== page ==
‘If everyone asked for all £1bn back, we wouldn’t be able to do that’, says Latham, ‘but that wouldn’t happen anyway, and there is activity within the VCT which means we can fund (redemptions).’

For those with the risk appetite to invest in VCTs, we now take a look at three products which are currently open to new investors.

The experts view.

‘VCT season is in full swing. While there is a lot of choice in the market, the most popular VCTs tend to close ahead of tax year end. As a result, we’ve seen inflows come earlier in the tax year, as investors don’t want to settle for their second choice.

‘The VCT sector continues to grow and we’ve seen an uptick in demand over the last few years, driven by further restrictions to pensions and buy-to-let. Investors have always looked for ways to supplement their retirement, especially tax-efficient ones that can complement their pension and ISAs.

‘VCTs offer a great way to do this, and since they invest in UK smaller companies it also adds an asset class investors wouldn’t normally have access to. However, the value of a VCT investment, and any income from it, can fall or rise and investors may not get back the amount invested. VCT shares can fall or rise in value more than other shares listed on the Main Market of the London Stock Exchange and may be harder to sell. Tax reliefs are dependent on a VCT maintaining its qualifying status and tax treatment depends on personal circumstances and is subject to change.’

Richard Barnes, VCT product manager at Octopus Investments


Octopus Titan

The UK’s largest VCT, Octopus Titan focuses on tech-enabled businesses with high growth potential and has a portfolio of around 67 early stage companies in a wide range of sectors.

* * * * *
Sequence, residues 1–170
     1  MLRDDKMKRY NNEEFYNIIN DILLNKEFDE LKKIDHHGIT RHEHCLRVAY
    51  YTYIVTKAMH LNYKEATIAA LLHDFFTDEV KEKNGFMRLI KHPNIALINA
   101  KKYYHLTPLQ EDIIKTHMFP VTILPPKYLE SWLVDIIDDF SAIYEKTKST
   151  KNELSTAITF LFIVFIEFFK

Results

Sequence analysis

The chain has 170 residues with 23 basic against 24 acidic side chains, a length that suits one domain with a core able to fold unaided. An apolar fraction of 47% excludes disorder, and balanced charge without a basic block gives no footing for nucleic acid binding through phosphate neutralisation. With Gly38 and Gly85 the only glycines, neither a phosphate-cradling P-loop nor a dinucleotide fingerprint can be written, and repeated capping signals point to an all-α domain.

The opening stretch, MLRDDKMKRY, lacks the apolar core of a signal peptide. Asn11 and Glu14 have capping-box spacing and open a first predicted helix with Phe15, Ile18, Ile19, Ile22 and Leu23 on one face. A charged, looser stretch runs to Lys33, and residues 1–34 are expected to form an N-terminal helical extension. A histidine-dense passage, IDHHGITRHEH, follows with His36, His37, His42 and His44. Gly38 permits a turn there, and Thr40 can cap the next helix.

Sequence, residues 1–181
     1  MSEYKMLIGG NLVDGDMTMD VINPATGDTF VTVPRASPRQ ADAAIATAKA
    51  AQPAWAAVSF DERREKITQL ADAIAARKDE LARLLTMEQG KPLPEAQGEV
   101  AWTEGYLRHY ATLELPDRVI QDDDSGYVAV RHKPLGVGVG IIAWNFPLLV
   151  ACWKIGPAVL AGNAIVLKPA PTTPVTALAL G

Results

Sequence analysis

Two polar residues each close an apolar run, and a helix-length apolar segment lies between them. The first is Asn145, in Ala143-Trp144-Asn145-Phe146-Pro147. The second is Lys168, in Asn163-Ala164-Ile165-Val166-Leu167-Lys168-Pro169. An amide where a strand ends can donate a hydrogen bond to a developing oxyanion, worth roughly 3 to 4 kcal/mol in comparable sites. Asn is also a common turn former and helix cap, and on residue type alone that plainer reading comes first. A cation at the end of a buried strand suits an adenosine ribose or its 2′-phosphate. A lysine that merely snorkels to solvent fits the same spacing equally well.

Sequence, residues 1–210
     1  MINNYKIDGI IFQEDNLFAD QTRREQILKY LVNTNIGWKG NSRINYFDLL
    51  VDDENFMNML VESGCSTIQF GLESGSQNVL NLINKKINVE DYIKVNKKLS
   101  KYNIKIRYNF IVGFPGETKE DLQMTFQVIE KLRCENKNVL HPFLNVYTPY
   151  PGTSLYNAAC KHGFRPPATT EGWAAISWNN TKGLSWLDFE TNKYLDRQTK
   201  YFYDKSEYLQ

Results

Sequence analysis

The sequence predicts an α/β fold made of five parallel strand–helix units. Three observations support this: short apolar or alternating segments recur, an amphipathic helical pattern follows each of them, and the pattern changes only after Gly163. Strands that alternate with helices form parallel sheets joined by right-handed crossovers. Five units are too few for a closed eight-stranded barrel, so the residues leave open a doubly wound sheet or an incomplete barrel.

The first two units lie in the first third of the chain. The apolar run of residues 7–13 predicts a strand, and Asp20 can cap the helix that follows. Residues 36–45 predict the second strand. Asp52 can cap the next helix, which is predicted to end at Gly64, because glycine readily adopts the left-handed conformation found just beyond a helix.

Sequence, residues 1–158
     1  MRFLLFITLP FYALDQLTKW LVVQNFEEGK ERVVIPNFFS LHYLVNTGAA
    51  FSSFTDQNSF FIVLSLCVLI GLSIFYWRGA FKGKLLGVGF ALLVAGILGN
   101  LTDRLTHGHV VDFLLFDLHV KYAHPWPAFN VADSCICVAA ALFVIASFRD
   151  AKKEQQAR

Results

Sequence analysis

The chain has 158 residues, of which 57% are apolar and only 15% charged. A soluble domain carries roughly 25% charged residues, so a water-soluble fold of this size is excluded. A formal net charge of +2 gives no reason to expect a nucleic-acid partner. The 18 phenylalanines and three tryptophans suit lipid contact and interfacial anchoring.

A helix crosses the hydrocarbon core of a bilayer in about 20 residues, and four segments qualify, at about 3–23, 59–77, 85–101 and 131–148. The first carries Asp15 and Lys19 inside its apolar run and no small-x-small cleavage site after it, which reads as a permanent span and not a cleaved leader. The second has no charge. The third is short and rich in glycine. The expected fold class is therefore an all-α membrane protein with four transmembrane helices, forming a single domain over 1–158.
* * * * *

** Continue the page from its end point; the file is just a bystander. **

As well as Zoopla and Secret Escapes, other success stories include SwiftKey and graze.com, and it has sold stakes in some of the start-ups it has backed to the likes of Amazon, Google, Microsoft and Twitter.

The VCT targets a dividend of 5p a year, and special dividends may also be paid if portfolio companies are sold at a significant profit.

It has delivered a 32.7% total return over the past five years.


Amati AIM VCT

The Amati AIM VCT has a portfolio of more mature, revenue-generating companies along with earlier-stage life science and software investments.

The VCT typically invests in stocks with a market cap above £50m, which Jourdan says is all about liquidity – ‘it’s an expression of confidence. If markets become anxious, investors might feel there’s not as much liquidity if they have a market cap below £50m.’

The fund has delivered 66.7% total return over five years.


Pembroke VCT

Pembroke owner Oakley Capital is a well-established name in venture capital investing, meaning the investment team at Pembroke has a strong background in this area.

This VCT has a distinctive investment strategy, with investments focused on scalable consumer brands, ones which investors can walk down the high street and see.

Its lack of successful exits so far means the VCT, which launched more recently than most of its peers, has delivered a negative five year share price total return of 2.6%.

Its shares are trading a 26% discount to net asset value.